Whether it is at work or in the community, physically-challenged people suffer stigma from their peers and others. Even when they do their stuff, they may lack self-esteem because of the way they perceive or feel people thinking about their nature. But being physically-disabled is not the same as lacking abilities in other aspects. They are differently-abled.
Providing support for such people in the community is vital, but without an understanding, they may not welcome the support you would like to offer them. Whether it is your workmate or someone in your neighborhood, you have to ensure that you do not get a negative attitude from the recipient of your help.
These seven tips will help you to better provide extend your hand to the differently-abled members of the society, workgroup, or strangers.
1. Start by Asking and Understanding
You may think that somebody needs your help, but at that moment, they do not. More often than not, the disabled learn to maneuver on their own and do stuff by themselves. Before offering them help, they will have to consent to your request to do the same.
When you meet your colleague trying to move around, you would want to help them. But ask them first. When they answer, ask them how you can help. Do not assume that you know anything. Let them describe what they are trying to do, and how you can help them do it better.
2. Be a Good Listener, Speak Audibly
Various differently-abled people have distinct needs. Some of them may have cognition challenges. Slow communication may cause more confusion than facilitating the process. You will have to be a good listener as you talk with such people when anticipating to offer help.
While speaking, make sure that your help recipient can hear you clearly. Being audible is essential, but using clear terms will help them understand more about what you mean. With clear communication, it is easy to understand each other, and they will be eager to let you extend your hand.
3. Help Where Accessibility is Required
Getting around may be the main challenge for most physically-impaired people. For instance, they would want to go upstairs, but they are electric wheelchair users. Some environments neglect or forget to include accessibility to physically-challenged people. Such people will gladly want your help to get to the office they intend.
Ask them how long they anticipate to stay at the place they are visiting. You can offer to help them go up and to come back down on the stairs with their wheelchair. But, if possible, you would want to find an alternative way for them to avoid the stairs to access the office they need.
4. Spend Time Together
Do you have spare time? You can spend your evenings or weekends with someone disabled in your community. Some of the differently-abled people stay lonely because people do not want to associate with them or spend time with them. According to many people, the differently-abled have little to nothing to offer, and spending time together will benefit them nothing – everyone is self-centered.
By spending time together, you get to learn and understand the person better. This allows you to understand what they like and what they do not. To provide your support, it is ideal to know their needs, abilities, and preferences. That will require you to concentrate on the specifics, and you can only understand the person better when you have some quality time together.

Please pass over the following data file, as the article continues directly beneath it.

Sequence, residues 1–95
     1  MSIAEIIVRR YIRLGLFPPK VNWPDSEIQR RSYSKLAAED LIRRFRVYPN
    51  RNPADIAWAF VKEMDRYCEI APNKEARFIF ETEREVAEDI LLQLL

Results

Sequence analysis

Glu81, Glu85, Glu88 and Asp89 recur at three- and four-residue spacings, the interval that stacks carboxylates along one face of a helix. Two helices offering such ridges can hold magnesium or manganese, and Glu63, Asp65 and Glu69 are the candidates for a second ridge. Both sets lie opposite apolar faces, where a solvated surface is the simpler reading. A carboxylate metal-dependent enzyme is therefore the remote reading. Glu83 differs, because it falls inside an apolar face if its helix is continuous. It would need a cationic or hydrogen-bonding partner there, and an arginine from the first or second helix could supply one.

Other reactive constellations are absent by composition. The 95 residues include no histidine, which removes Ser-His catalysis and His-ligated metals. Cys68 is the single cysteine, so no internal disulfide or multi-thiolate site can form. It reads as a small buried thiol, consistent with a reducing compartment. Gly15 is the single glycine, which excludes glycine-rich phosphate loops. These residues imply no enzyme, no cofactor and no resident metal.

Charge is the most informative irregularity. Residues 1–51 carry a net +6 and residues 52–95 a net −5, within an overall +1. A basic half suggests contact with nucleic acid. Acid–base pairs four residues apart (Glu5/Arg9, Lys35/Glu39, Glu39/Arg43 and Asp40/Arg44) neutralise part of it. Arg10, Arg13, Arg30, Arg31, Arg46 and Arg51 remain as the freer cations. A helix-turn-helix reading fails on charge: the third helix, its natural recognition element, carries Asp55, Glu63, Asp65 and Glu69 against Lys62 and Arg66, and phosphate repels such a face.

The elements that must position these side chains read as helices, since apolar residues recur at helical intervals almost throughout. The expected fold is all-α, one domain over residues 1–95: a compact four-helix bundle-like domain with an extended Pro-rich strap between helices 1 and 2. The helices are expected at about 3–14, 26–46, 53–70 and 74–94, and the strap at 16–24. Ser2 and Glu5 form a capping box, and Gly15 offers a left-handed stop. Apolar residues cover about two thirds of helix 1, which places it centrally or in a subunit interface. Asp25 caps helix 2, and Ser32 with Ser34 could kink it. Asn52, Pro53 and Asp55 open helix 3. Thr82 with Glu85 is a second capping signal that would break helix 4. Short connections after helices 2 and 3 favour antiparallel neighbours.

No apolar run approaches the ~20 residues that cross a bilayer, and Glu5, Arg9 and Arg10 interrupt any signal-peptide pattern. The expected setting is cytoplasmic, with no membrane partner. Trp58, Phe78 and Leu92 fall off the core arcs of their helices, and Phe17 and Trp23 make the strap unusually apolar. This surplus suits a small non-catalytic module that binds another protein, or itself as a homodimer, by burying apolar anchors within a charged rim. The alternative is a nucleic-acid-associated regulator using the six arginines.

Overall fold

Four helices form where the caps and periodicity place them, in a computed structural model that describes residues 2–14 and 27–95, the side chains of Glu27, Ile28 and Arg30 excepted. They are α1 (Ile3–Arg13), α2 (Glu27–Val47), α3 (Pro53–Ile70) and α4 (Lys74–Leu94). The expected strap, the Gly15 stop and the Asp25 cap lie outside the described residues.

5. Support Their Dreams
Differently-abled people also have ambitions and goals to achieve. However, so many people do not consider helping such people to be self-established. Having physical-challenges does not mean that they cannot work. They can devote their time better because there are not so many other activities they will be indulging in.
Instead of leaving such people to be dependent on others, you can invest in their future. For instance, paying their college fees can help them to acquire skills that many innovative establishments need in their businesses. And that will empower the person to take up such challenges and grow their career dreams. You can as well set up a small business for the person so that they can stay self-dependent.
6. Help with Manual Work
Some of the things the differently-abled persons have difficulty in doing are their daily chores at home. Depending on their condition, they may have trouble moving about and doing basic tasks like cleaning or feeding their animals.
You would be of great help to them by doing various tasks around the house. You can, for example, set aside a day in a week to go and do laundry for the differently-abled person to reduce their burden of having to hire a cleaner.
7. Practice Patience when Addressing Them
Differently-abled people are quite sensitive. You must know how to handle them. For instance, some of them are slow in speech and learning. You have to be patient with them to get accurate answers. Avoid rushing them with your questions and expecting instant answers.
If you get irritated rather quickly, you had better start teaching yourself to stay patient. Be keen not to respond harshly or harass the person when speaking with them. Ask patiently and make sure you understand what you are supposed to do before you embark on the support you are offering.
Differently-abled people need our attention and support – either in the community or at our workplace. Whether they are our workmates or office visitors, it is prudent to learn about their needs and provide appropriate support. While doing so, understanding the person is essential, and you have to communicate clearly to make the process easy.
To avoid trouble, do not assume that the physically-challenged need your help as you perceive them. You will avoid embarrassment by inquiring first of how you can help. It might turn out that the person you think needs your help is quite comfortable with how they handle their lives alone.